That is why once Thelma obtains a license to repair cars she has abandoned her right to be picky about whom she serves. By opening for business (at least in a financial system like those in most of the developed world), she thereby “pledges” to serve those who want to frequent her establishment.

Likewise for Duke. If after his neighbors praise his pancake-making prowess, he opens an International House of Pancakes shop, he cannot refuse to serve African Americans, no matter how loathsome he finds that prospect. Thelma’s and Duke’s refusals are disrespectful, an assault on the dignity of those they refuse to serve. Requiring Thelma to serve people whose views or behaviors she dislikes and requiring Duke to serve people whose race he dislikes is not an attack on their dignity. If Thelma and Duke think otherwise, then they are confused, selfish, or trapped in a cultural time warp. They are accustomed to living in a world where each could provide services only to those they want to serve. When laws changed, they could no longer do what they once took for granted. Now they feel morally put-upon. Although their psychological reaction is understandable, it is morally wrong-headed.

Especially if one is a professional
Especially if Thelma and Duke were professionals. As professionals they have a more compelling responsibility to consider the myriad ways that their refusals harm their patients or clients. Professions were created and sustained because the state determined that the public would be best served if specifically trained people catered to its citizens’ vital needs (50 SE 2nd 735 (I949) and at I99 US 306, 3I8 (I905). Physicians oversee and promote people’s health; lawyers protect people in legal proceedings, often when their freedom and economic well-being is threatened; engineers protect people who work in the buildings and drive on bridges they design. Professionals protect people’s significant interests few of us can promote on our own. The average citizen cannot keep up with the latest developments in medicine, law, or materials science. That is why the average person is vulnerable to professionals, and professionals have special duties to their clients.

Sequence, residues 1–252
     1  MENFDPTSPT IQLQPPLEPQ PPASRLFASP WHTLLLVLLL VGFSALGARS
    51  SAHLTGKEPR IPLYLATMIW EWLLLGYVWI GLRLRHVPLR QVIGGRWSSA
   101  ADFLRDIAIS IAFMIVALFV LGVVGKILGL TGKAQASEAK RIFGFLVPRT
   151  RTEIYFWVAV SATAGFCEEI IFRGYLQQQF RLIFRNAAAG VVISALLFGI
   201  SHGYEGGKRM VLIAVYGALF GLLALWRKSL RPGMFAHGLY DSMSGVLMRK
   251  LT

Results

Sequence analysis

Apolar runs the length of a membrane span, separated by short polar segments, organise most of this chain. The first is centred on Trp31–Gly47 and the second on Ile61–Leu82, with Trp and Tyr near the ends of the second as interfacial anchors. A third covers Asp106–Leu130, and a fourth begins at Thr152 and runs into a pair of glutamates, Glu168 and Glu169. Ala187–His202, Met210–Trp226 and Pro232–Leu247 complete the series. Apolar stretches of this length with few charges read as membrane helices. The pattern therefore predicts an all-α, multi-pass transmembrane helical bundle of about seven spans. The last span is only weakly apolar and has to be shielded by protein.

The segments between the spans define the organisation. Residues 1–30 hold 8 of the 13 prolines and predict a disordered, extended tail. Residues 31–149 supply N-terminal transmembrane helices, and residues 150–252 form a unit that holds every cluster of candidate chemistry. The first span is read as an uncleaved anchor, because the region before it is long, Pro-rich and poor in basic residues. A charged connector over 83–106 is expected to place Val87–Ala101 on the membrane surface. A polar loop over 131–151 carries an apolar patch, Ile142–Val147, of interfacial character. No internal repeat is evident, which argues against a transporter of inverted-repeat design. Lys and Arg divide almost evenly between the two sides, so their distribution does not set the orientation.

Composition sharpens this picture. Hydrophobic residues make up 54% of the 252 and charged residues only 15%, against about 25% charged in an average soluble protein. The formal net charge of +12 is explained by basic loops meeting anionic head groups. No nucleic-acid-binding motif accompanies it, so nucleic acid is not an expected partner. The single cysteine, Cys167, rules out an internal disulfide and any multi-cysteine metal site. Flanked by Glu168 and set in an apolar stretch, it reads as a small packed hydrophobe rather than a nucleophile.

This is not so say that professionals should never refuse to do what their clients request. A surgeon shouldn’t amputate a person’s healthy leg because the patient believes that having a prosthetic leg would look cool. An engineer shouldn’t use substandard materials to build a bridge over the Thames River because her boss wants to make a higher profit. What it does means is that if she refuses to do what she is asked or expected to do, it will be rare, and then normally only if her patient or client requests that she do something demonstrably at odds with the rationale of her profession.